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Author Topic: I think I accidentally started an urban legend. My bad.  (Read 564 times)

roo_ster

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I think I accidentally started an urban legend. My bad.
« on: October 08, 2014, 01:30:01 PM »

http://reason.com/blog/2014/10/08/i-think-i-accidentally-started-an-urban#comment

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During Banned Books Week last month, you may have heard that some busybodies banned Green Eggs and Ham because they thought the story was kinda gay. Metro reported that this happened "briefly in the 1990s because of supposed homosexual innuendos." A Minnesota radio station said the book was targeted for its "homosexual theme." Feministe announced that it had been challenged in California for, "No *expletive deleted*it, 'homosexual seduction' on the part of Sam."

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None of these reports say where or when this purported prohibition took place, other than those vague references to California and the '90s.

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I'm open to the possibility that there's a real event here that I haven't been able to track down, but that seems extremely doubtful.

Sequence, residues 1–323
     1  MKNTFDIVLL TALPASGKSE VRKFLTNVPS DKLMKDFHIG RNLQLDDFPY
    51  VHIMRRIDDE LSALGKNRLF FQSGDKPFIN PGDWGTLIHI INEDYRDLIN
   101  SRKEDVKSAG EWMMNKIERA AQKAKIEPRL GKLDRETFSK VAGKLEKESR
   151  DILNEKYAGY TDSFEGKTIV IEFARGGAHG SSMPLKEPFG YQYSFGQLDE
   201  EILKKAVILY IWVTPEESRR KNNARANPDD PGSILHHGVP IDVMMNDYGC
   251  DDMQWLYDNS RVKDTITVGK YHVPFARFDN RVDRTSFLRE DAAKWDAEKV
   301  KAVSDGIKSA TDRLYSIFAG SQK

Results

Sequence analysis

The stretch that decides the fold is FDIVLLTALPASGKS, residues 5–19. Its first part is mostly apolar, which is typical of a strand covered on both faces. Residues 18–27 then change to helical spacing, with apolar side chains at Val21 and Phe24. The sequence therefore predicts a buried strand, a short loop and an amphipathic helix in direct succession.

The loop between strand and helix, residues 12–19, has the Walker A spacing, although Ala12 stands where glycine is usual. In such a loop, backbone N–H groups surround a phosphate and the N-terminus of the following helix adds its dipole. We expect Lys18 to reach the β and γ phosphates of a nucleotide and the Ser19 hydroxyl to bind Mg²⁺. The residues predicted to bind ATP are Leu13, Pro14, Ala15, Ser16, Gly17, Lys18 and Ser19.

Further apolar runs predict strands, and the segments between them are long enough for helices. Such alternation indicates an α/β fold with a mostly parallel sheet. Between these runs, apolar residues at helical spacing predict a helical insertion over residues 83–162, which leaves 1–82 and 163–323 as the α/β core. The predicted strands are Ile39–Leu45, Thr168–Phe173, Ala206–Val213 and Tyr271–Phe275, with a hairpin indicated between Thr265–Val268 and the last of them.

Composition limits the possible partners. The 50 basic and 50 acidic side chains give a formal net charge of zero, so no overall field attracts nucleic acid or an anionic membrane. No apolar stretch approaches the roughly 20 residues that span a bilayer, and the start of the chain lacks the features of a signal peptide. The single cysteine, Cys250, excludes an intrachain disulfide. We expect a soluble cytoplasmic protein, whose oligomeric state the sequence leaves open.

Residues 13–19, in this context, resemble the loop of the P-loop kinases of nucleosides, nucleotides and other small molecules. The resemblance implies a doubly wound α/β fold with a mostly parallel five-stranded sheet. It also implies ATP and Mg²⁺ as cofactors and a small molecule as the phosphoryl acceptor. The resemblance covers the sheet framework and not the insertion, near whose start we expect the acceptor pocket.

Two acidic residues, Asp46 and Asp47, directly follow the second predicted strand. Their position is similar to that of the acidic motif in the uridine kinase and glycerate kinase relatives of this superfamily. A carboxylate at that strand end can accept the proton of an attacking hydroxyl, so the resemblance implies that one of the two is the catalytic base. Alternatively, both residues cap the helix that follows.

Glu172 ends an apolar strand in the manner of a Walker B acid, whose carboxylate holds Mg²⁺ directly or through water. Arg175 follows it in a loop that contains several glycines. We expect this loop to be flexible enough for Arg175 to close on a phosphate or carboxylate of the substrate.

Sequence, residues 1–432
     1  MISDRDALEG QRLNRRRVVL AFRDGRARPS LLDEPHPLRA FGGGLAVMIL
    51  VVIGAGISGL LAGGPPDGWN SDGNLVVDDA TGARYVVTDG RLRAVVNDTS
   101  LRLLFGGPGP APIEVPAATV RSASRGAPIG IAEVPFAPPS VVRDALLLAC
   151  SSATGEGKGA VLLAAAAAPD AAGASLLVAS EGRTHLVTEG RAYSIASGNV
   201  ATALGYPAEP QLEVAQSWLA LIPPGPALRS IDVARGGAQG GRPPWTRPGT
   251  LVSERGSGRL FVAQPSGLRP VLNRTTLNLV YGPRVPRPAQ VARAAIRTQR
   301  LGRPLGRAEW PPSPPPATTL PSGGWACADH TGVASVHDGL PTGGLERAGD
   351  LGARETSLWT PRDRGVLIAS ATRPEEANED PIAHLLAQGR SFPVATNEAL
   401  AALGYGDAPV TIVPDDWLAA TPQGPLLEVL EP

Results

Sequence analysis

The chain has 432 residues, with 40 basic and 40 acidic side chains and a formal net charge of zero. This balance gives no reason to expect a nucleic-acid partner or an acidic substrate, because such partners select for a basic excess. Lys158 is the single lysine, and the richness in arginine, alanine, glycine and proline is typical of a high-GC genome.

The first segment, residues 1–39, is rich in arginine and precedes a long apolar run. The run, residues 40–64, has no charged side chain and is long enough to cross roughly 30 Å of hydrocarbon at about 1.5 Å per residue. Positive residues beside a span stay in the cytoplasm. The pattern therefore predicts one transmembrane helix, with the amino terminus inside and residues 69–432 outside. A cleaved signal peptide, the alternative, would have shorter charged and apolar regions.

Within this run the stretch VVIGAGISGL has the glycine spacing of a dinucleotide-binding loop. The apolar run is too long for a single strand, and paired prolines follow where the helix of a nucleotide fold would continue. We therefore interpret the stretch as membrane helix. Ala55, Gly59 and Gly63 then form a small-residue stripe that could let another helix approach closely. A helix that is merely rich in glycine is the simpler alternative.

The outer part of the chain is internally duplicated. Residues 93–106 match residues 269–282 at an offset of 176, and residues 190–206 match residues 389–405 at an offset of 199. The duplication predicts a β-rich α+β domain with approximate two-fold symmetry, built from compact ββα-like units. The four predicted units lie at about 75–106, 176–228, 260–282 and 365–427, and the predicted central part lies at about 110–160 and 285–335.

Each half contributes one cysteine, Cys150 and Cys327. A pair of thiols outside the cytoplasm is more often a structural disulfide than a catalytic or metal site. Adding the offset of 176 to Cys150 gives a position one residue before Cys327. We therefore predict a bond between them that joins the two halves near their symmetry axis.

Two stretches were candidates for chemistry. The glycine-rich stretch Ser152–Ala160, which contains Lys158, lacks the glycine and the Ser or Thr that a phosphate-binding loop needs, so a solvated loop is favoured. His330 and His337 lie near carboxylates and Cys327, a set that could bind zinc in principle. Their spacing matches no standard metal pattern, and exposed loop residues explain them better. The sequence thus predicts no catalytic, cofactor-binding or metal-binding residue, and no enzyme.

Besides, I'm pretty sure I know where this began. It's my fault. Sorry. My bad.

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Way back in 2002, I wrote a satiric Banned Books Week column that mocked the nation's prigs by suggesting they try to pull something new off the nation's school shelves. The article then devolved into me decoding the supposed sexual subtexts in Treasure Island and, yes, Green Eggs and Ham.

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Many educated elites live in fear of Bible-thumping troglodytes haunting the hinterlands, some great redneck beast slouching towards Washington to make Sarah Palin president. Book-banning stories are tailor made to fit that terror...The Guardian once ran an Amanda Marcotte editorial under the headline "The Tea Party moves to ban books." The editorial contained exactly zero examples of Tea Partiers trying to ban anything.

There really are crusaders out there whose fear of demons leads them to try to suppress speech. Just ask the American Library Association. But there are also people whose fear of demons leads them to imagine book bonfires where none exist.

First commenter:
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Warty|10.8.14 @ 11:23AM|#

These Irish orphans are delicious.

I thought it pretty darned funny. 
Regards,

roo_ster

“Fallacies do not cease to be fallacies because they become fashions.”
----G.K. Chesterton